Benjamin Franklin turkey symbol: Why he hated the bald eagle for the Great Seal of the United States.

Benjamin Franklin’s Bizarre Symbology. Did He Really Admire the Turkey?

Benjamin Franklin’s Bizarre Symbology. Did He Really Admire the Turkey?

What to eat, drink, and think.
Nov. 21 2013 12:04 PM

Did Benjamin Franklin Really Say the National Symbol Should Be the Turkey?

You have got to see his original design.

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When Franklin served on the committee with Jefferson and Adams, however, he proposed something much harder to draw: Moses standing on a shore, backlit by rays from a pillar of fire, while an Egyptian pharaoh and soldiers drown—in an uncomfortable level of detail—in waves of the parted Red Sea. Perhaps a little aggressive for a Great Seal, the proposal was rightly dismissed.


Courtesy of U.S. Diplomacy Center/Wikimedia Commons

Franklin’s lament of the choice of bald eagle comes from a letter he wrote in 1784. He was remarking upon the medal of the Society of the Cincinnati, which representatives of the new nation were taking to France to bestow upon those who had helped in the American Revolution. The medals depicted a bald eagle that some people thought looked more like a turkey. The suggestion sent Franklin into a thorough drubbing of the eagle’s merits as a symbol. He called it “a Bird of bad moral Character” that “does not get his Living honestly.”

You may have seen him perch’d on some dead Tree near the River, where, too lazy to fish for himself, he watches the Labour of the Fishing Hawk [Osprey]; and when that diligent Bird has at length taken a Fish, and is bearing it to his Nest for the Support of his Mate and young Ones, the Bald Eagle pursues him and takes it from him.

Sick burn, Franklin! Stealing food out of a baby’s mouth! Got anything else?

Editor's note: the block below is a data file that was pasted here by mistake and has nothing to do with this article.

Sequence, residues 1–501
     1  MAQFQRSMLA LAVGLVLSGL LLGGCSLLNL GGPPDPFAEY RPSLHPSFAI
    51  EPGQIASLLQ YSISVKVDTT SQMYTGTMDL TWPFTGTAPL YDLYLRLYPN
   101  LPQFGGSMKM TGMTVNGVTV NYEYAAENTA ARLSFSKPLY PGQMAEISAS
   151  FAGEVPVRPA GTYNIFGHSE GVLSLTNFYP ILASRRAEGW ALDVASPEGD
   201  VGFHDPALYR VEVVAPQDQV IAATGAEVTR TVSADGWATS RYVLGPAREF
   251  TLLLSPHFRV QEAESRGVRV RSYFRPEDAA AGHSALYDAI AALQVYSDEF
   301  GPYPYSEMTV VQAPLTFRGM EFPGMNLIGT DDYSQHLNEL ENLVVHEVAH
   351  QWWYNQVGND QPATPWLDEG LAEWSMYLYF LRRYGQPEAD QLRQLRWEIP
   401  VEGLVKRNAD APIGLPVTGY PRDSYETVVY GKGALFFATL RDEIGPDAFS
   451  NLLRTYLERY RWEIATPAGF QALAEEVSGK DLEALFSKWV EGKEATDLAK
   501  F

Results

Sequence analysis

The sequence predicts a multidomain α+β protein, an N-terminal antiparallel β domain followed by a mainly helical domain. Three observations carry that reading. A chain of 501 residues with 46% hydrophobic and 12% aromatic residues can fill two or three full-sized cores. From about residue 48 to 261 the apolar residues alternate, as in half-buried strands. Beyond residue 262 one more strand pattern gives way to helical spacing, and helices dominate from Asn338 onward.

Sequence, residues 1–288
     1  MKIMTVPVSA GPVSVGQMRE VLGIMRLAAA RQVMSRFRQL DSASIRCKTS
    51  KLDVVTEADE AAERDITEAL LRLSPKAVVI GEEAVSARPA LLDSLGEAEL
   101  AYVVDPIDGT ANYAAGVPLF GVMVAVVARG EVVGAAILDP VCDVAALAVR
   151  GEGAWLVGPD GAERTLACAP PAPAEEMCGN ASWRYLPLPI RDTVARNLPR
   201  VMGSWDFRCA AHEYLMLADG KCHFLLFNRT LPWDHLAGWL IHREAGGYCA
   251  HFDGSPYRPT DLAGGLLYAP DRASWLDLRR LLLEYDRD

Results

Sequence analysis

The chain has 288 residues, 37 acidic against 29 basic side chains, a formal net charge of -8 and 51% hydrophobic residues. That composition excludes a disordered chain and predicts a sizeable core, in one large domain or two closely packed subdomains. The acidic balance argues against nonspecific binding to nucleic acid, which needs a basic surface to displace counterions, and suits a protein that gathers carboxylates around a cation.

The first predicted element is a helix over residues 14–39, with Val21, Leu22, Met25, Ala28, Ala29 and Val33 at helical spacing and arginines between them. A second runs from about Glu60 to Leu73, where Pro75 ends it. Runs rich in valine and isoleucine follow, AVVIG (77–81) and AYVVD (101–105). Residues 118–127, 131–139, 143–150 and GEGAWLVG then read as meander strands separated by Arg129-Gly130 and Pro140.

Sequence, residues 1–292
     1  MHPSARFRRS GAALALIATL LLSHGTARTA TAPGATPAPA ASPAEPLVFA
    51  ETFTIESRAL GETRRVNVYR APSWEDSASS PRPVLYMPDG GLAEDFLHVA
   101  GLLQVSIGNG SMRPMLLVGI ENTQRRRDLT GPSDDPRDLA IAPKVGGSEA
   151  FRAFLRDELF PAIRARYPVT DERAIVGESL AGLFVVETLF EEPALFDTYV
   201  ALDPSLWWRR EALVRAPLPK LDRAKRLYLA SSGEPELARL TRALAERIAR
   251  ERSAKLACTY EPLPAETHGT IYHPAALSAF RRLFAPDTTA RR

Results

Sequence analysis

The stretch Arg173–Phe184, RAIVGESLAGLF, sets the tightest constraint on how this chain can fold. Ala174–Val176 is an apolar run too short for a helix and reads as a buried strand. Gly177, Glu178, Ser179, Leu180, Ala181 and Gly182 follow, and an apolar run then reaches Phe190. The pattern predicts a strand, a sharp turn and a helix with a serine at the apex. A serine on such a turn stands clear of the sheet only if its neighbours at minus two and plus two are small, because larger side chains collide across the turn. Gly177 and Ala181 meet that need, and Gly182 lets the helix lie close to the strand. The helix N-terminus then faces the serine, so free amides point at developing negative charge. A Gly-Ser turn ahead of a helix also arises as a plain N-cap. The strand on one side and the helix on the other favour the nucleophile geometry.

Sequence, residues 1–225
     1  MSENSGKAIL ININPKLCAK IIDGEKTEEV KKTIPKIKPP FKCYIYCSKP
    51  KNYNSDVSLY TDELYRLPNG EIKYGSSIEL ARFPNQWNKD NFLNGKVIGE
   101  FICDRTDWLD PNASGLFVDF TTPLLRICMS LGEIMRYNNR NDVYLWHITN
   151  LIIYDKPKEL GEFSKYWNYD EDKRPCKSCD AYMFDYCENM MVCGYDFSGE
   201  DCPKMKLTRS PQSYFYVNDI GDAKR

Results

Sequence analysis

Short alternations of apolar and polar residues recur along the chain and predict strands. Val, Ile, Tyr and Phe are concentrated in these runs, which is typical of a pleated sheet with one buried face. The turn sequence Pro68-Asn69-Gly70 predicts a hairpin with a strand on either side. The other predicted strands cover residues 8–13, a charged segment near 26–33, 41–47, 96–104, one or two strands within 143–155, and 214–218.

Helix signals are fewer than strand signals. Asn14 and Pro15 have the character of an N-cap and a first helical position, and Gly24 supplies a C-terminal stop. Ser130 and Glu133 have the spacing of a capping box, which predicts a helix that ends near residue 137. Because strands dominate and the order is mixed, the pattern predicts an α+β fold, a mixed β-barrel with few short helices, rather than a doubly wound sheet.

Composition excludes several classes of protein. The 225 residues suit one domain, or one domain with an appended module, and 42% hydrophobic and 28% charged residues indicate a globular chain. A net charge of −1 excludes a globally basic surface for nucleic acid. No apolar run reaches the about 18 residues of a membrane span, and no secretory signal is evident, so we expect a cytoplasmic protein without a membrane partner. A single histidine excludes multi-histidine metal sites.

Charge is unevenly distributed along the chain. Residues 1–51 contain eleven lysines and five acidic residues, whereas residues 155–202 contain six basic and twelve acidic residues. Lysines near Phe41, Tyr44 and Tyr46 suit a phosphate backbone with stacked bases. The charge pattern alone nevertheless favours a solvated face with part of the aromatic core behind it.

Besides he is a rank Coward: The little King Bird not bigger than a Sparrow attacks him boldly and drives him out of the District.

Bam! Franklin is being pretty selective with his facts, though. While, yes, bald eagles will steal food from ospreys and eat carrion, they’re excellent fishermen. Additionally, birds of prey—including hawks and owls—are constantly being harassed by smaller birds. In fact, birders know to follow the sound of scolding birds in order to find these larger birds.

What about turkeys, Ben?

For in Truth the Turkey is in Comparison a much more respectable Bird, and withal a true original Native of America. He is besides, tho’ a little vain and silly, a Bird of Courage, and would not hesitate to attack a Grenadier of the British Guards who should presume to invade his Farm Yard with a red Coat on.

I am in agreement on all points. Turkeys are indeed native to the United States, are a little vain and silly, and are not to be messed with. But do we really want our national symbol to be something we cook and eat every Thanksgiving? Even in Franklin’s time, it would have been wrong to cover our flag with gross-looking neck wattles.

Did Franklin write that he preferred the turkey over the bald eagle as the national symbol? Yes. Was he serious? I’m not so sure. In addition to the contradictory evidence about the rattlesnakes and his drowning-Egyptians proposal for the Great Seal, and the fact that he had elsewhere written that eagles were “an Emblem of Victory,” there’s the not-insignificant matter of to whom he wrote the famous letter. Was it to Congress, formally requesting a new Seal? No. Was it to Thomas Jefferson, to commiserate over their failed proposals? No. It was to his daughter, Sally Bache. Thus, I think Franklin’s words should be taken with the same grain of salt that I take when my dad emails me after the Patriots lose to say that Tom Brady should be traded.

Of course, the bald eagle won out over the turkey, the phoenix, and Hercules as the star of the Great Seal. Despite the slanders of our most beloved Founding Father, the bird is strong, powerful, and impressive: a fitting symbol of America. Now if we can just learn to live with what it truly sounds like.